While the origin of the “bread” style of cake is unknown, food historians believe that it was originated in the 18th century with housewives experimenting with pearl ash. Banana bread became common in American cookbooks in the 1930s, with the popularization of baking soda and baking powder, and very popular in the 1960s, when variations with simple inclusions (nuts, chocolate morsels) created simple but delicious snack cakes.

     
    *Other quickbread examples include biscuits, cornbread, muffins, scones and soda bread.

      

    Comments

    RECIPE: Cherry Cheesecake With Chocolate Glaze

    chocolate-cherry-cheesecake-bettycrocker-230

    Cherry cheesecake with chocolate accents.
    Photo and recipe courtesy Betty Crocker.

     

    Next in our choice of cherry recipes for Washington’s Birthday (February 22nd) is a cherry cheesecake with a twist: a chocolate crust and chocolate glaze.

    Prep time for this Betty Crocker recipe is just 35 minutes, plus another 5 hours and 50 minutes for baking and chilling.

    You can make this recipe ahead of time and freeze it. To do so, first bake the cheesecake; cool and glaze. Freeze it until the glaze is set. Then wrap it tightly and freeze it for up to 1 month. Before serving, unwrap and thaw the cheesecake in the fridge for 4 to 6 hours.

    RECIPE: CHERRY CHEESECAKE WITH CHOCOLATE

    Ingredients For 16 Servings

    Ingredients For The Crust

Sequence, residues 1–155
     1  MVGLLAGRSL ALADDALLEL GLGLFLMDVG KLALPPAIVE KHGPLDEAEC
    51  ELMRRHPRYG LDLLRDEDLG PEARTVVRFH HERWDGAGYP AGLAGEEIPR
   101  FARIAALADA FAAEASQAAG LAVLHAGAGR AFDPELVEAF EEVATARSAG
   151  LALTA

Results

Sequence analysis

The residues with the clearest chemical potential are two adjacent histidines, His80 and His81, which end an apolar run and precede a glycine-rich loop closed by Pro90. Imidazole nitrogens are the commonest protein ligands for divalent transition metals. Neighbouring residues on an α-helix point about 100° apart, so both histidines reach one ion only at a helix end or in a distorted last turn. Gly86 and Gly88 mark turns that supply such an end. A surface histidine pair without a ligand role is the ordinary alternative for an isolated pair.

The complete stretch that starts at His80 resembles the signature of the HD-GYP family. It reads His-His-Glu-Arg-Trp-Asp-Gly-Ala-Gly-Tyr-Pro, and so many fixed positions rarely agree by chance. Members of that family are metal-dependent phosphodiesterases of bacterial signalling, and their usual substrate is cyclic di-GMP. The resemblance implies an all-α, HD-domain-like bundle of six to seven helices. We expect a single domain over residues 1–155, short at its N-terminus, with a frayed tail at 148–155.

• 2 cups chocolate cookie crumbs
  • 3 tablespoons butter, melted
  •  
    For The Filling

  • 4 packages (8 ounces each) cream cheese, softened
  • 3 eggs
  • 3/4 cup sugar
  • 1/2 teaspoon almond extract
  • 1/2 cup whipping cream
  • 1 can or jar (21 ounces) cherry pie filling—or make your own with the recipe below
  •  
    For The Glaze

  • 1/2 cup whipping cream
  • 1 cup (6 ounces) semisweet chocolate chips or chopped chocolate
  •  
    Preparation

    1. PREHEAT the oven to 325°F. In medium bowl, combine the crust ingredients; mix well. Press into the bottom and 1 inch up the sides of an ungreased 10-inch springform pan.

    2. BEAT the cream cheese in large bowl with an electric mixer on medium speed until smooth. Add 1 egg at a time, beating well after each addition. Beat in the sugar and almond extract until smooth. Add 1/2 cup whipping cream; blend well.

    3. SPOON 3-1/2 cups of the cream cheese mixture into crust-lined pan, spreading evenly. Carefully spoon 1 cup of the pie filling evenly overthe cream cheese layer (reserve remaining pie filling for the topping). Spoon the remaining cream cheese mixture evenly over the pie filling.

    4. BAKE for 1 hour 5 minutes to 1 hour 15 minutes or until the center is set. Cool in pan on a wire rack for 1 hour.

    5. MAKE the glaze: In 1-quart saucepan, heat 1/2 cup whipping cream to boiling over medium-high heat. Remove from heat. Stir in the chocolate chips until melted.

    6. LINE a cookie sheet with waxed paper. Remove the side of the springform pan. Place the cheesecake on the paper-lined cookie sheet. Spread the glaze over the cooled cheesecake, allowing some to flow down the side.

    7. REFRIGERATE at least 3 hours or overnight. Serve topped with the remaining pie filling.

     

    MAKE YOUR OWN CHERRY PIE FILLING

    Some brands of pie filling are distinctly better than others. A safe bet is to pick up an organic brand. The extra cost is worth it.

    For a luxury experience, we use a jar of sour cherry pie filling from Chukar Cherries (it’s $14.95).

    But if your discriminating palate doesn’t like any canned cherry filling, it’s easy to make your own with just 20 minutes of prep time, and 1 hour 10 minutes of cook time.

    RECIPE: CHERRY PIE FILLING

    Ingredients For An 8-Inch Pie

  • 4 cups fresh or frozen tart (Montmorency) cherries; or canned cherries in water (see photo at right)
  • 1 to 1-1/2 cups granulated sugar
  • 4 tablespoons cornstarch